Dr. Ruth Simmons, former president of Brown University, delivered my commencement speech. Honestly, I donâ€™t remember a thing she said. Iâ€™m pretty sure I paid attention to her words. I remember laughing or otherwise responding in some way to some of them, and besides, she was the first black president of an Ivy League institution. Thatâ€™s a role model for a 20-something black college grad. But I was out there with no notebook, no pen and no purse to store them in, and I donâ€™t remember things that well when I donâ€™t write them down. And no, I had no mobile phone/device with recording apps. I donâ€™t think flip phones even existed when I graduated from college.
Still, Iâ€™m fairly sure that as a the president of a university addressing newly minted bachelorâ€™s, masterâ€™s and doctoral degree holders, she practically was required to say something about excellence and using our degrees to change the world. I think I would remember if she had something like:
There are some really shitty times ahead, and you have no idea. Not to put a damper on your accomplishmentsâ€”obtaining a degree at any level is a monumental step, and right now in 2002, itâ€™s still fairly rareâ€”but really, you have no idea.
Well, you masterâ€™s and doctoral grads and JDs and MDs might, so let me just address the undergrads. You BA babies, you think youâ€™re grown, that youâ€™ve been grown since you moved off campus. But youâ€™re about to see: that rent payment and those utility bills will look petty compared to that Sallie Mae statement. And youâ€™ll either spend the entire salary of your first â€œrealâ€ job paying back your loans, or youâ€™ll choose the â€œmanageableâ€ payment option, and prolong the payment of your priceless education indefinitely.
That is, if youâ€™re fortunate enough to get a job. I know they told you when they admitted you that a degree is the ticket to prosperity, a job and job security but it isnâ€™t. Itâ€™s really a feeder for graduate school programs. Only about one percent of you are going to obtain employment in what you majored in or a related field. Some of you will wonder why on earth you bothered to go to college. Unless you majored in engineering or computer science. If you did, forget everything I just said. Youâ€™re good.
Your relationships are about to change, too, especially if youâ€™re going home. Donâ€™t go home. Itâ€™s a bad idea. You and your parents wonâ€™t know what to do with your independence, but you wonâ€™t know what to do without their love and (cough) financial supportâ€”and youâ€™ll need that because of Sallie Mae.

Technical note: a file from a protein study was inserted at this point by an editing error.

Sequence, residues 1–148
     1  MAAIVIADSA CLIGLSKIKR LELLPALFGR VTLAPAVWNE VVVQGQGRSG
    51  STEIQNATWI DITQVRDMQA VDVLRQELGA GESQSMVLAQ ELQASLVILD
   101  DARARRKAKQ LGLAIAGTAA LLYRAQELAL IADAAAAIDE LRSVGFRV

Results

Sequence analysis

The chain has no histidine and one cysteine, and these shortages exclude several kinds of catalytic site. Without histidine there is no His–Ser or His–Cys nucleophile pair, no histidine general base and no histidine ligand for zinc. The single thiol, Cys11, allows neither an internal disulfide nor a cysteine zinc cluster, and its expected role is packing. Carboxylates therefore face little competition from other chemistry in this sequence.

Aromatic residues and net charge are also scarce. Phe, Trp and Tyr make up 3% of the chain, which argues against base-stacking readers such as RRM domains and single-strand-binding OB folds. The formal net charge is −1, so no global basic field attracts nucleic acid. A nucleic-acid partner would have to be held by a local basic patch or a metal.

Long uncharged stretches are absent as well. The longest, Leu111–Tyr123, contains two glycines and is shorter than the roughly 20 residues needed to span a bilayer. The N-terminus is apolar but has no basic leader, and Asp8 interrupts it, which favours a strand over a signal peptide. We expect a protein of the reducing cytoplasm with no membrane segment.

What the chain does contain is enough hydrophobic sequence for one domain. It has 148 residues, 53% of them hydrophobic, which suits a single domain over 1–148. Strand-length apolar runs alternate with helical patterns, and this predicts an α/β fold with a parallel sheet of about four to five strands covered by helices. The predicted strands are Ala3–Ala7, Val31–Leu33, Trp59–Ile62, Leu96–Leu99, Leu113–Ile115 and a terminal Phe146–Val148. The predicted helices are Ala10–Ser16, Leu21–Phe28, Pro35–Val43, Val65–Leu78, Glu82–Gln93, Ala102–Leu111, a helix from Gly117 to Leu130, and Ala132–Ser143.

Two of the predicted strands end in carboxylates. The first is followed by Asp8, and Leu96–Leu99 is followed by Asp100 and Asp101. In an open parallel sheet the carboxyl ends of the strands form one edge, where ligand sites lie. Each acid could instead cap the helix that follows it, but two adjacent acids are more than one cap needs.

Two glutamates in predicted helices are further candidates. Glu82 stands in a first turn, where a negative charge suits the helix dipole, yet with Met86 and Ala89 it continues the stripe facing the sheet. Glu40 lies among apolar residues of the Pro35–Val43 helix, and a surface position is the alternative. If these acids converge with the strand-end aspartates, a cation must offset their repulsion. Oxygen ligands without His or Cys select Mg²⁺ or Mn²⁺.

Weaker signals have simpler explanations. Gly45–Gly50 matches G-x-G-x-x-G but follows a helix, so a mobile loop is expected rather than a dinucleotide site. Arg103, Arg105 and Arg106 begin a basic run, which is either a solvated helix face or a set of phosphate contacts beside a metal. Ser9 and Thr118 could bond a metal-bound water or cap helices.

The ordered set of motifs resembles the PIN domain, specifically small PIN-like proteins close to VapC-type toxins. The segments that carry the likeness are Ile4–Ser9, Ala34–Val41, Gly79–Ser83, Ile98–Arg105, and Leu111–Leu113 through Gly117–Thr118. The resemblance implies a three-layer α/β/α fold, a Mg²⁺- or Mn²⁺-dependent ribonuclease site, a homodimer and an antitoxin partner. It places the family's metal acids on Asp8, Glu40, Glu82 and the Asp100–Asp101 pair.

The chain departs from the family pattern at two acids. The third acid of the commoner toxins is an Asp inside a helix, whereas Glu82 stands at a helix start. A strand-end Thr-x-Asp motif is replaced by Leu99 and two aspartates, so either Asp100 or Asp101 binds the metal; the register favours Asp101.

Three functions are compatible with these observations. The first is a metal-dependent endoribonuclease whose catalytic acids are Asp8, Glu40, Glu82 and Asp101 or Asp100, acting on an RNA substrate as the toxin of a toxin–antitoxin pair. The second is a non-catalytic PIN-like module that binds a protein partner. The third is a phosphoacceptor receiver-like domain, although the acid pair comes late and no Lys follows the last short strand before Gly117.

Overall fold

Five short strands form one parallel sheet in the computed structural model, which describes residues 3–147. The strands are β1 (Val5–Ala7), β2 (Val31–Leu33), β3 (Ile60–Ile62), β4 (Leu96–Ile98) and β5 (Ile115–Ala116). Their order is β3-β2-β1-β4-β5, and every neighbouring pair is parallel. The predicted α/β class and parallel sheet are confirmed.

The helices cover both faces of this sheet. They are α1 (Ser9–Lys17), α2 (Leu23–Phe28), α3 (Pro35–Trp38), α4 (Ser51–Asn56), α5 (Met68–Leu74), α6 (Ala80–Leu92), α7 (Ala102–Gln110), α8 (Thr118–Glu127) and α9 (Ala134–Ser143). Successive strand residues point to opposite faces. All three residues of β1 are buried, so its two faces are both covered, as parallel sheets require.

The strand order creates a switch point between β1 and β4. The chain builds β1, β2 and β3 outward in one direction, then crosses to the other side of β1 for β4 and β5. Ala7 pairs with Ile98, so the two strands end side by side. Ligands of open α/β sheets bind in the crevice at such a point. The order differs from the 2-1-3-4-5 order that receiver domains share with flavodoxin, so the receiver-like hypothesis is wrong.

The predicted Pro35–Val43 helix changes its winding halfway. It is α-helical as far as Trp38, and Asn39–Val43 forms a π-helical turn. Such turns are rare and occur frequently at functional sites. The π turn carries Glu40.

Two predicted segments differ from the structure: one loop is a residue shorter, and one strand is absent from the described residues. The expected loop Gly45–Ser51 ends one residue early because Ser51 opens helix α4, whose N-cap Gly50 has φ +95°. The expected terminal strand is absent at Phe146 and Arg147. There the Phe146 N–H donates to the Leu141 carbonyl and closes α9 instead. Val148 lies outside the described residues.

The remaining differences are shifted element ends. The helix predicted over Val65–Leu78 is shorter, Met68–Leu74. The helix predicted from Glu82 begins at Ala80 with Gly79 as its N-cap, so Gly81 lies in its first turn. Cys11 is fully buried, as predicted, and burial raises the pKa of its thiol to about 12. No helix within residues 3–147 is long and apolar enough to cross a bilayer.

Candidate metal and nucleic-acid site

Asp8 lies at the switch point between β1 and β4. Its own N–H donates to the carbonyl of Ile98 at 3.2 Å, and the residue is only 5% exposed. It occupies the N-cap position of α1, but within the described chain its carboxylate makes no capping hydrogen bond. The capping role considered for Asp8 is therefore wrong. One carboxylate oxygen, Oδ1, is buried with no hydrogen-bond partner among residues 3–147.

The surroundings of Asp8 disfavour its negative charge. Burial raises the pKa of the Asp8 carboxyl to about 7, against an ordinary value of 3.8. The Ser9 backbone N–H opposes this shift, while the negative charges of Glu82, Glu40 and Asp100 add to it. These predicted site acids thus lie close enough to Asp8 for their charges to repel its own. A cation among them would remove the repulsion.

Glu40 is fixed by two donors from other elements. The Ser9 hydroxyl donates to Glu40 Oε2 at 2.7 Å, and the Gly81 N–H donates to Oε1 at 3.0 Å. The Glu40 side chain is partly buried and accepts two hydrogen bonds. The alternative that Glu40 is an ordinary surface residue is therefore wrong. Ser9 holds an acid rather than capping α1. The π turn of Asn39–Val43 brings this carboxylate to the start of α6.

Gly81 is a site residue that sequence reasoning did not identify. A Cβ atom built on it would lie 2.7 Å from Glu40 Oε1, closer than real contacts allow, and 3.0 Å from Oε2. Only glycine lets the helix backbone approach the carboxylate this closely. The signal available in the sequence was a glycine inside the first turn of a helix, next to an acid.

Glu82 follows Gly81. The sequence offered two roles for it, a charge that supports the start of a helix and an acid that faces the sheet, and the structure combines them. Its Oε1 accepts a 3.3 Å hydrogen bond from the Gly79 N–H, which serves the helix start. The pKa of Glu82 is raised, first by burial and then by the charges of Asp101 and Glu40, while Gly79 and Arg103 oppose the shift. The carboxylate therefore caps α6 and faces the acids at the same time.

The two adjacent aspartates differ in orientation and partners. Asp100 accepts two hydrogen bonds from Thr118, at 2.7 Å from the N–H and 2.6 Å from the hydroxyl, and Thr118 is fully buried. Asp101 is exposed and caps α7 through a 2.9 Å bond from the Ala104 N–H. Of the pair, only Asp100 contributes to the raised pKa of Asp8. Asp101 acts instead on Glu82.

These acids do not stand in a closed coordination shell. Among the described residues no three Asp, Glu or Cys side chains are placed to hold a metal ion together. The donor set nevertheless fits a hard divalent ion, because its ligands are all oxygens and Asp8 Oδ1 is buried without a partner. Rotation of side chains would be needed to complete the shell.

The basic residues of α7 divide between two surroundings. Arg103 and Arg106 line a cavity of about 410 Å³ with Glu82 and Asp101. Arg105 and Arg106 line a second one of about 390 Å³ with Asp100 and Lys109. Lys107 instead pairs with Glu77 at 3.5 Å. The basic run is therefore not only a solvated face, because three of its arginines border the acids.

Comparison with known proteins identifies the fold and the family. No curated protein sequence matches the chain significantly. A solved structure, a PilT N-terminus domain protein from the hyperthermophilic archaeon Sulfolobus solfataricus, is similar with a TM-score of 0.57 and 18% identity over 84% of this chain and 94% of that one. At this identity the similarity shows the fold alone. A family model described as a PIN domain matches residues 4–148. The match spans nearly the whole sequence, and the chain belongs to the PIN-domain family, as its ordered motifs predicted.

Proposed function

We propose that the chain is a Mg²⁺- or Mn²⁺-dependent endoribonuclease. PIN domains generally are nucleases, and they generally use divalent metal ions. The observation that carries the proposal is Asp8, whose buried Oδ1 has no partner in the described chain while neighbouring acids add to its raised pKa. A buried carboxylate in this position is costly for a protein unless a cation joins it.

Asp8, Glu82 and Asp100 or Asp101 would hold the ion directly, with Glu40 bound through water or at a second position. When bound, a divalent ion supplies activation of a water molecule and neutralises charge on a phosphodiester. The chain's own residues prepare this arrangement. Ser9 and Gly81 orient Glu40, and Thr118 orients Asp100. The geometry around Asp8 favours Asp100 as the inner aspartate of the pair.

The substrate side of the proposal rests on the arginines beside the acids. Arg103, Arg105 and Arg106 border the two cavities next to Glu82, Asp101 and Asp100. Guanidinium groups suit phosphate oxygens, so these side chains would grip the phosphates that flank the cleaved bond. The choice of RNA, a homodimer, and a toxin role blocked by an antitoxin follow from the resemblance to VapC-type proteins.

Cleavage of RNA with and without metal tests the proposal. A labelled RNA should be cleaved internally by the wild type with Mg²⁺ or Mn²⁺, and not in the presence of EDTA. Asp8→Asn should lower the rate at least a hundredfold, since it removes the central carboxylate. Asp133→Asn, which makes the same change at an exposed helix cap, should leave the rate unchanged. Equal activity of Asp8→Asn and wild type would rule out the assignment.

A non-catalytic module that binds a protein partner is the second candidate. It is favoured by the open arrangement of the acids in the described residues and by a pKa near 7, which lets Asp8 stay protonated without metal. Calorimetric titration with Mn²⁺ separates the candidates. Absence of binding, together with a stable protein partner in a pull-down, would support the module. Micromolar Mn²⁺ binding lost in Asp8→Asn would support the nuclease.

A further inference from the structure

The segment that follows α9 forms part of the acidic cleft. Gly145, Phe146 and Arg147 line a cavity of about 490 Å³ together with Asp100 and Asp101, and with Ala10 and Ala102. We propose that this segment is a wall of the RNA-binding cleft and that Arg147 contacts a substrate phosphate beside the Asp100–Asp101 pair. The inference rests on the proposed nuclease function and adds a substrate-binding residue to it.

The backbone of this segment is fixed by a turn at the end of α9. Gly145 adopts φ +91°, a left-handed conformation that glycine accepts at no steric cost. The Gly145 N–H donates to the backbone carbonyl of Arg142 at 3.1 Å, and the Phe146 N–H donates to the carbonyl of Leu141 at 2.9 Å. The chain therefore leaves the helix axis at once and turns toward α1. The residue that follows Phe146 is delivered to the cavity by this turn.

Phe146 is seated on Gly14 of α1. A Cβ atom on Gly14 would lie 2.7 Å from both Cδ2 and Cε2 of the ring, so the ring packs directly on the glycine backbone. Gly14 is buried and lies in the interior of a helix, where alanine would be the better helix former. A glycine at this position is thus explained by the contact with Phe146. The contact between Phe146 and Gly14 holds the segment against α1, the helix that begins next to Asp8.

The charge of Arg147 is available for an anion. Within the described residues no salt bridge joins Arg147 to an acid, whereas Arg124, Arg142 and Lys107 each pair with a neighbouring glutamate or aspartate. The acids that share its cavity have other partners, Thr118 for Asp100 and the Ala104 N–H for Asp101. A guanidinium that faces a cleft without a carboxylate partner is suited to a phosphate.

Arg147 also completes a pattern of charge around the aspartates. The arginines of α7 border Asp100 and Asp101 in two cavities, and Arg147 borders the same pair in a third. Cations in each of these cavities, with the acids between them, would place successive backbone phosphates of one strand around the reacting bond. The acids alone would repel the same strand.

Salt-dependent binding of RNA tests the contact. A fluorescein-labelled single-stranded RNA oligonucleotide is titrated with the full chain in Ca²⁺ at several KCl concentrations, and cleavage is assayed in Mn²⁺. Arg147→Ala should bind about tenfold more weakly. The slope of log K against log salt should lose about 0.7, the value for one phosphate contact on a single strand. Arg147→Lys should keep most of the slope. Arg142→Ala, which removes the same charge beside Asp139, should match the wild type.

Also, the friends you met here, got close to here, will disappear with jobs and significant others, and it will really suck if youâ€™re the one who doesnâ€™t have either. Itâ€™s going to feel like everyone else is progressing, and you missed something. You might have. Or it could just be luck, or timing, or your major. Because you shouldâ€™ve majored in engineering or computer science. All of you.
Additionally, some people you hardly ever talked to will become your closest confidantsâ€¦ for a season, anyway. Everything is only for a season. Thatâ€™s important to remember. Because if the past four to six years have been a bad season, rejoice. Itâ€™s over. I havenâ€™t said a good season is coming, but be happy anyway, because it could be better than this one was. And if this season was good, I hope you savored it. But donâ€™t be sad that itâ€™s over or mentally stay in it. As soon as you turn your tassel, itâ€™s over, and your mind must be in the present to get all you can out of the present.
I know I was supposed to say something more uplifting. I would have, but it doesnâ€™t matter what I say. There are countless things you just have to learn from experience. And the way I handled it in the past might not be the best way for you to handle it now or in the future. And some of you are hard-headed.
But the good news is, if you got through this without cheating, without your parents bailing you out of bad grades and high credit card charges and without drug-induced study sessions, youâ€™ve proven you have some tenacity. If you needed lots of help from humans and substances, a big downfall is probably on its way, so good luck with that. But you tenacity people, all of you really, just donâ€™t give up.
And since you wonâ€™t remember a thing Iâ€™ve said, I hope you find a nerve-wracking friend who always says, â€œDonâ€™t give up.â€ Youâ€™ll want to hit that person. Often. But that friend is giving you the best advice.